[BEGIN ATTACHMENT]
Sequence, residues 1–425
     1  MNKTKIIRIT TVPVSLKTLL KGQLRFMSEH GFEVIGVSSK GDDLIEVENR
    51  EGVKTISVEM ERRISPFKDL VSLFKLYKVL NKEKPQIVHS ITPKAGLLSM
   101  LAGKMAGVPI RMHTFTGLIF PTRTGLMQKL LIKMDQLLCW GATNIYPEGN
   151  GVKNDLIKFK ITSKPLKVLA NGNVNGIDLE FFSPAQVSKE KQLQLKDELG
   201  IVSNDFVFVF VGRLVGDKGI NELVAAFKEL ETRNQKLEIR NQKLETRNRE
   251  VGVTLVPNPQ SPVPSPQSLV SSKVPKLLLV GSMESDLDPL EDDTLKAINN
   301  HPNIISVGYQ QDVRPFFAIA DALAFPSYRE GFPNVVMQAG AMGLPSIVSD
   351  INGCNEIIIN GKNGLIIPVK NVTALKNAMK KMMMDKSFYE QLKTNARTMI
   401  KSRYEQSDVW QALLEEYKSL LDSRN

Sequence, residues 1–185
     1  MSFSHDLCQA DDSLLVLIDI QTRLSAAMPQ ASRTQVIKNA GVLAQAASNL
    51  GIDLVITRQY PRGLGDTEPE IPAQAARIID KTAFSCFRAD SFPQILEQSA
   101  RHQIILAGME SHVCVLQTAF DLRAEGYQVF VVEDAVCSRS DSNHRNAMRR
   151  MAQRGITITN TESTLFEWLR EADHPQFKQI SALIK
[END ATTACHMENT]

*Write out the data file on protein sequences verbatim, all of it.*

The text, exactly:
Sequence, residues 1–425
     1  MNKTKIIRIT TVPVSLKTLL KGQLRFMSEH GFEVIGVSSK GDDLIEVENR
    51  EGVKTISVEM ERRISPFKDL VSLFKLYKVL NKEKPQIVHS ITPKAGLLSM
   101  LAGKMAGVPI RMHTFTGLIF PTRTGLMQKL LIKMDQLLCW GATNIYPEGN
   151  GVKNDLIKFK ITSKPLKVLA NGNVNGIDLE FFSPAQVSKE KQLQLKDELG
   201  IVSNDFVFVF VGRLVGDKGI NELVAAFKEL ETRNQKLEIR NQKLETRNRE
   251  VGVTLVPNPQ SPVPSPQSLV SSKVPKLLLV GSMESDLDPL EDDTLKAINN
   301  HPNIISVGYQ QDVRPFFAIA DALAFPSYRE GFPNVVMQAG AMGLPSIVSD
   351  INGCNEIIIN GKNGLIIPVK NVTALKNAMK KMMMDKSFYE QLKTNARTMI
   401  KSRYEQSDVW QALLEEYKSL LDSRN

Sequence, residues 1–185
     1  MSFSHDLCQA DDSLLVLIDI QTRLSAAMPQ ASRTQVIKNA GVLAQAASNL
    51  GIDLVITRQY PRGLGDTEPE IPAQAARIID KTAFSCFRAD SFPQILEQSA
   101  RHQIILAGME SHVCVLQTAF DLRAEGYQVF VVEDAVCSRS DSNHRNAMRR
   151  MAQRGITITN TESTLFEWLR EADHPQFKQI SALIK